NCSL Early Care and Education Update



Recent NCSL Early Care and Education Products

NCSL’s Early Care and Education staff, along with our colleagues in education and health, host webinars and podcasts, produce reports, create webpages and write articles to support your work. Here are our recent products.

Briefs, Webpages and Resources

  • The 2019 State Legislative Action Report Now Available: NCSL’s Early Care and Education team tracks introduced and enacted legislation related to child care, prekindergarten, home visiting, parent engagement and support, governance structures and financing of programs. In 2019, state lawmakers introduced at least 806 bills, with 95 bills in 32 states signed into law. Learn more about what happened around in the country in this annual summary.
  • Building a High-Quality Early Care and Education Workforce: Children under age 5 spend more than 30 hours a week with nonparental caregivers, in center- and home-based child care, preschool classrooms, and informal arrangements with family, friends or neighbors. Attributes of high-quality early learning settings typically include licensure and accreditation, low staff-child ratios and strong parent engagement, among others. Learn more about what legislators are doing to build a well-qualified and supported early care and education workforce.
  • Blog Post | NCSL’s Maternal and Child Health Database: A Nursery for State Innovation: NCSL tracks 14 categories of legislation addressing maternal and child health in its Maternal Child Health Database. This January 2020 post summarizes the main areas of state legislative activity in 2019.
  • Archived Webinar | Prenatal-to-3: Translating the Science and Evidence to State Policy: The science is clear that prenatal to age 3 is the most sensitive period for a child’s developing brain and body, building the foundation for all future learning, behavior and health. Learn on this archived webinar about strengthening prenatal-to-3 systems of care with evidence-informed state policies and how to collaborate with the Prenatal-to-3 Policy Impact Center at The University of Texas at Austin LBJ School of Public Affairs.
  • Archived Webinar | Paid Family and Medical Leave: Research indicates that caring and nurturing relationships between infants and adults support healthy development long into the future. While polls show overwhelming bipartisan support for paid family and medical leave, the United States is the only developed country without a national paid leave policy. Learn from experts on this archived webinar as they explore paid family and medical leave policies in a handful of states across the country.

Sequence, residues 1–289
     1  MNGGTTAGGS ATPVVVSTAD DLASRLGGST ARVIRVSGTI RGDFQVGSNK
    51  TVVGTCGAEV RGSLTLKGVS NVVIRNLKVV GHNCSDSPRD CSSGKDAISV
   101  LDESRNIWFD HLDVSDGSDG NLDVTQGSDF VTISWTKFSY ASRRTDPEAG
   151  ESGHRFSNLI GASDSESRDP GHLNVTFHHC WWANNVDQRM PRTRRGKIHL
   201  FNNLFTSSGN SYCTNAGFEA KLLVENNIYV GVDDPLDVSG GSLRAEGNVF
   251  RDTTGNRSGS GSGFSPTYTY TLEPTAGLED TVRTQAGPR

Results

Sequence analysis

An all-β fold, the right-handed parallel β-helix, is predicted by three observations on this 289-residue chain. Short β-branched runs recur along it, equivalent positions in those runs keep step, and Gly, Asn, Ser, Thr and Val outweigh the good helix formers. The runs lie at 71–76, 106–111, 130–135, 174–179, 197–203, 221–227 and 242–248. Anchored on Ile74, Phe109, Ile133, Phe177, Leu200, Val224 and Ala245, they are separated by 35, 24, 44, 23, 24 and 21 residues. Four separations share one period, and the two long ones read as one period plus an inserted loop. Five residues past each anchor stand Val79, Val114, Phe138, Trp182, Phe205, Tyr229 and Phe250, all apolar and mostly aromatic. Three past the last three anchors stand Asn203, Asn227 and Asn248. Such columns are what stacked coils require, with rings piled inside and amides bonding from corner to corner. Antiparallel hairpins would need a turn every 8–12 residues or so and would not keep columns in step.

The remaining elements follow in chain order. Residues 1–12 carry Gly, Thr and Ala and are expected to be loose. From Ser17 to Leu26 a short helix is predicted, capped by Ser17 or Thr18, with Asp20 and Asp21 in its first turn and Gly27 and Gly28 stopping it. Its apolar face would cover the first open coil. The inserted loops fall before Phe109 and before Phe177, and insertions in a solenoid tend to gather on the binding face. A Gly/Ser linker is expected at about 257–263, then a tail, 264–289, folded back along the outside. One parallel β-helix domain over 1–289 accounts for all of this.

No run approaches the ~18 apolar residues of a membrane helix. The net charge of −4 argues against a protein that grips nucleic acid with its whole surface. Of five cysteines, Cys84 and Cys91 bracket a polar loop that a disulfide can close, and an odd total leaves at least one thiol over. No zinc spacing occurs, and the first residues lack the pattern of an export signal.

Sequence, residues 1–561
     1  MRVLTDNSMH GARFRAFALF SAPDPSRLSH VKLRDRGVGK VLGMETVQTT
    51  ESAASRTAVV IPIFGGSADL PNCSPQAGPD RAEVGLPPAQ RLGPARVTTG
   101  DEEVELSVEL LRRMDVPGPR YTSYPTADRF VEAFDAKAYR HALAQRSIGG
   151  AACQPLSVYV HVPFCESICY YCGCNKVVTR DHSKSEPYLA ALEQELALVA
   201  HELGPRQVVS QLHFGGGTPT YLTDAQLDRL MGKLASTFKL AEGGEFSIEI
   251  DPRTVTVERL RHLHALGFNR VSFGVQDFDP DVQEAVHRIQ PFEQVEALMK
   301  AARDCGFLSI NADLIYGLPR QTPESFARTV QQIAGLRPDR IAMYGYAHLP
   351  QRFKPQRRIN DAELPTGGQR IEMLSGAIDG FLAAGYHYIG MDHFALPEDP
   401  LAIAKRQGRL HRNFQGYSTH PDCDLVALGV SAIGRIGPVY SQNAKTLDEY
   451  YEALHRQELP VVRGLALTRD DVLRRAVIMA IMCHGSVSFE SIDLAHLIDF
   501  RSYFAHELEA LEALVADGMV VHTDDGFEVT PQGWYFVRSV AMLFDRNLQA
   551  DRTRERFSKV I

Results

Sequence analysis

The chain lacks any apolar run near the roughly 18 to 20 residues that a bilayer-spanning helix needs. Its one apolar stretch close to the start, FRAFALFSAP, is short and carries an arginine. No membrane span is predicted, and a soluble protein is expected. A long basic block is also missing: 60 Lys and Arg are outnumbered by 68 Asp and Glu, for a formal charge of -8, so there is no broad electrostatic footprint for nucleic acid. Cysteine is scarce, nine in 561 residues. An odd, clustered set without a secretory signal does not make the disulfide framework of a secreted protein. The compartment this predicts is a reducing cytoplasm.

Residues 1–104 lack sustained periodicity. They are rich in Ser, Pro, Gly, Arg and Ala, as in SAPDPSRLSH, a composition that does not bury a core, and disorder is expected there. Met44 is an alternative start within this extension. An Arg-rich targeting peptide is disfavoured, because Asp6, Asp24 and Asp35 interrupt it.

• “Our American States” Podcast | “How Kids Learn”: On this episode of NCSL's podcast, Linda Darling Hammond, president and CEO of the Learning Policy Institute, explains what we are learning about brain development and how it affects how young people are taught today.

Legislation Update 

Young girl reading with teacher

NCSL’s early care and education database tracks legislation from 2008 to present for all states and territories. Search 2020 legislation by state, topic, status, primary sponsor, bill number or keyword. The database is updated weekly through the generous support of the Alliance for Early Success.

Check the session calendar for convening and adjourning dates, updates on special sessions, and dates of formal organizational sessions.

Introduced bills of note:

  • Colorado SB 144 | Creates a home visiting expansion grant program to increase the number of children and families served by nationally recognized, evidence-based home visiting models with the goal of improving school readiness. Up to $2 million, for each of two grant cycles, will be made available to selected grant applicants for implementation.
  • Florida HB 193 | Increases subsidy by up to $300 per month for certain foster parents to cover costs of early education or child care services.
  • Hawaii SB 2289 | Establishes a child care facility contribution refundable tax credit equal to 50% of the amount of the monetary contribution a taxpayer makes to a child care facility in the state. Prohibits a taxpayer from claiming both the child care contribution tax credit and the credit for employment-related expenses for household and dependent care services.
  • Iowa HB 2175 | Relates to the construction of child care facilities by providing developers with sales and use tax refunds.
  • South Carolina SB 291 | Creates the Department of Early Development and Education to oversee programs, including home visiting; Women, Infants, and Children; Head Start; and child care. Establishes two divisions within the department: the early health and wellness division and the early care and education division.
  • Washington HB 1392 |Creates the cost of child care regulations work group. Requires it to study the financial effects of licensing regulations on child care businesses, direct and indirect costs, and benefits to child care providers that are associated with participating in the Early Achievers quality rating system.

Other NCSL legislative databases of interest:

Prenatal-to-Three Policy Symposium

Infant holder an adults finger